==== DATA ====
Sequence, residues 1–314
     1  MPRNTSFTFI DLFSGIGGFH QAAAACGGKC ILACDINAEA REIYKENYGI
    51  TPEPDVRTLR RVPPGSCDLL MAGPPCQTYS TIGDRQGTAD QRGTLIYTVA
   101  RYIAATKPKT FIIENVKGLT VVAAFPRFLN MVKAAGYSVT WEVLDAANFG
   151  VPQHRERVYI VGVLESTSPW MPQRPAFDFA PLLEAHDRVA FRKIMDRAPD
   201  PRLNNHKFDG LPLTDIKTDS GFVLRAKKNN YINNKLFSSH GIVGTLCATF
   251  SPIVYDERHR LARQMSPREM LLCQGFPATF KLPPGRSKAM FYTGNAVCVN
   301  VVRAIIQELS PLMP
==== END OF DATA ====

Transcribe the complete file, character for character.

Sequence, residues 1–314
     1  MPRNTSFTFI DLFSGIGGFH QAAAACGGKC ILACDINAEA REIYKENYGI
    51  TPEPDVRTLR RVPPGSCDLL MAGPPCQTYS TIGDRQGTAD QRGTLIYTVA
   101  RYIAATKPKT FIIENVKGLT VVAAFPRFLN MVKAAGYSVT WEVLDAANFG
   151  VPQHRERVYI VGVLESTSPW MPQRPAFDFA PLLEAHDRVA FRKIMDRAPD
   201  PRLNNHKFDG LPLTDIKTDS GFVLRAKKNN YINNKLFSSH GIVGTLCATF
   251  SPIVYDERHR LARQMSPREM LLCQGFPATF KLPPGRSKAM FYTGNAVCVN
   301  VVRAIIQELS PLMP